Dr. Keyomarsi, a researcher and radiation oncologist from the M.D. Anderson Cancer Institute in Houston/Texas, has published a very important piece of research in the New England Journal of Medicine (N Engl J Med 2002;347:1546-1547,1566-1575). A group of 394 breast cancer patients were followed for 6.4 years and cyclin E was measured with a special blood test. Cyclin E is a key substance involved in cell division in general and also in breast cancer cells. Dr. Kyomarsi’s research showed that cyclin E, and in particular high levels of its socalled “truncated isoforms”, correlated very well with poor survival. On the other hand low cyclin E levels (truncated isoforms) were a powerful predictor for excellent survival. In the above mentioned breast cancer study 12 patients out of a group of stage 1 patients (= localized breast cancer) died after an average of 4.1 years from the point of diagnosis. All of these patients had high cyclin E levels. In contrast, none of the other stage 1 patients had died within 5 years from the diagnosis and all of their cyclin E levels were low. Other known risk factors for poor survival are lymph gland metastases, negative estrogen receptors on the surface of the cancer cells and late-stage disease. Each of those factors has a risk of about 1.7-fold. A high (truncated isoform) cyclin E level is associated with a 2.1-fold risk when compared to the low risk group with a low cyclin E level. There is a subgroup of breast cancer patients with high total cyclin E levels who have a risk of 13.3-fold of dying from breast cancer.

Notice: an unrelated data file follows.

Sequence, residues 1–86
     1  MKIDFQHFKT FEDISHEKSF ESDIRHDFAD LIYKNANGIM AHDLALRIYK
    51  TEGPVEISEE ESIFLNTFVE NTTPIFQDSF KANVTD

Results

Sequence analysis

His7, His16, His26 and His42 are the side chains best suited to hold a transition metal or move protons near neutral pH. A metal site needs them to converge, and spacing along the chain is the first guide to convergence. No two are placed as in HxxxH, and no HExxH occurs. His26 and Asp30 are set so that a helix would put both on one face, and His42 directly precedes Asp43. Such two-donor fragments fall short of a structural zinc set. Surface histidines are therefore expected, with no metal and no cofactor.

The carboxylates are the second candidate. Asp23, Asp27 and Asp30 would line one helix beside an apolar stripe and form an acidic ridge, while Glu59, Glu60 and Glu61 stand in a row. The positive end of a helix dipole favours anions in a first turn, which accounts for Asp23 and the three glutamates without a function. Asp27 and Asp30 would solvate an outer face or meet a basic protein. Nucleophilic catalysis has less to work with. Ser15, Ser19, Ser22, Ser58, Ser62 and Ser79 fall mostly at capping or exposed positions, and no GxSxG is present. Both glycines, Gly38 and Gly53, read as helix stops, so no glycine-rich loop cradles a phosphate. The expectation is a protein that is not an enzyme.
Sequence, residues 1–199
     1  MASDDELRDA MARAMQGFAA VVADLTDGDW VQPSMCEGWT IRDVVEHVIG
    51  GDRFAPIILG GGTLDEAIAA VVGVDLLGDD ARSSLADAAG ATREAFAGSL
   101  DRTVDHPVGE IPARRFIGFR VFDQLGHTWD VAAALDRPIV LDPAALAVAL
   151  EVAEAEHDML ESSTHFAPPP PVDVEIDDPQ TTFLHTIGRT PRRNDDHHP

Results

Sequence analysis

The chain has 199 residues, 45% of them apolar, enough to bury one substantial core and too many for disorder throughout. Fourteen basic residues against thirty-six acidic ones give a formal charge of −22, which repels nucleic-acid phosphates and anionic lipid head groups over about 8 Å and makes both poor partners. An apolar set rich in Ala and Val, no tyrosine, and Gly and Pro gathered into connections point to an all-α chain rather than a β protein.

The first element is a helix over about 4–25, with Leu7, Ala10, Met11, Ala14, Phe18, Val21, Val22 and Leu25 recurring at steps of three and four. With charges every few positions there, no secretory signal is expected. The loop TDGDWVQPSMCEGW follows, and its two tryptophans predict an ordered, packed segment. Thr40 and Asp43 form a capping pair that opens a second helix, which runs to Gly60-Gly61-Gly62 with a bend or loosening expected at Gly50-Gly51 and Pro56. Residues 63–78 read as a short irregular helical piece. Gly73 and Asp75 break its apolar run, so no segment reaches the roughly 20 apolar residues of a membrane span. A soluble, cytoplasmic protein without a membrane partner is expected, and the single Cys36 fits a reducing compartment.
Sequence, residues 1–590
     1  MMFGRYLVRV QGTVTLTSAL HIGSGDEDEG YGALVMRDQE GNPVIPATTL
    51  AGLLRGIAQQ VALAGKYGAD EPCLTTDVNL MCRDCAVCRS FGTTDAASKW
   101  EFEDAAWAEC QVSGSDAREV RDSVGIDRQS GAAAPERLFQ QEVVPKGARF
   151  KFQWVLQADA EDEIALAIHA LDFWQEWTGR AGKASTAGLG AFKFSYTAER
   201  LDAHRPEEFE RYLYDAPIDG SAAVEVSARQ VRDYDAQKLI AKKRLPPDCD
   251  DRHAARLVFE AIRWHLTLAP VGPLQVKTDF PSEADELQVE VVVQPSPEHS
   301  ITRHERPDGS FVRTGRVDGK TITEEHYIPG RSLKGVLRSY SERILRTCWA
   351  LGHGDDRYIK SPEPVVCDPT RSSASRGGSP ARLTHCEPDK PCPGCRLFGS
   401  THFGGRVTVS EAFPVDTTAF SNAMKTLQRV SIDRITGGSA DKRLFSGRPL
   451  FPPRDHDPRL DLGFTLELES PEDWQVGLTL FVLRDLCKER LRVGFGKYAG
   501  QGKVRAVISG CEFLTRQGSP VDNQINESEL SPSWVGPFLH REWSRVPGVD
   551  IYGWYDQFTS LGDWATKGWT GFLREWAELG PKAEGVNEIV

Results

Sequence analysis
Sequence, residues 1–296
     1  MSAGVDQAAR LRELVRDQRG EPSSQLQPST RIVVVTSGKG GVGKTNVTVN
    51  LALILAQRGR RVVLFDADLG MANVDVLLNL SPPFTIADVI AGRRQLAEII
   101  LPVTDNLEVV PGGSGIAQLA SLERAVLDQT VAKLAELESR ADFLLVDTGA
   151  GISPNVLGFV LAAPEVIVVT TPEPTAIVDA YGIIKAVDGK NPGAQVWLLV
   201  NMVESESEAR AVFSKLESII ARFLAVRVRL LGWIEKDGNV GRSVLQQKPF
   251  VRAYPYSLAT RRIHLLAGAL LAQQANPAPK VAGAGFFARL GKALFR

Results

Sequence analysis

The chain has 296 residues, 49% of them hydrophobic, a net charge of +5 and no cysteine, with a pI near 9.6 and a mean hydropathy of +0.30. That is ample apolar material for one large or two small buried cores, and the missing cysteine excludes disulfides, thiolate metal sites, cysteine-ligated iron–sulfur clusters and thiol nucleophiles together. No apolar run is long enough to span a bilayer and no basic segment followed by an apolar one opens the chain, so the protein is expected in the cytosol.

You may want to read these useful related links to chapters of my free Internet based Nethealthbook: A general overview regarding cancer: http://www.nethealthbook.com/articles/cancer_canceroverview.php#cancer This chapter deals specifically with breast cancer: http://www.nethealthbook.com/articles/cancer_breastcancer.php
Last edited December 10, 2012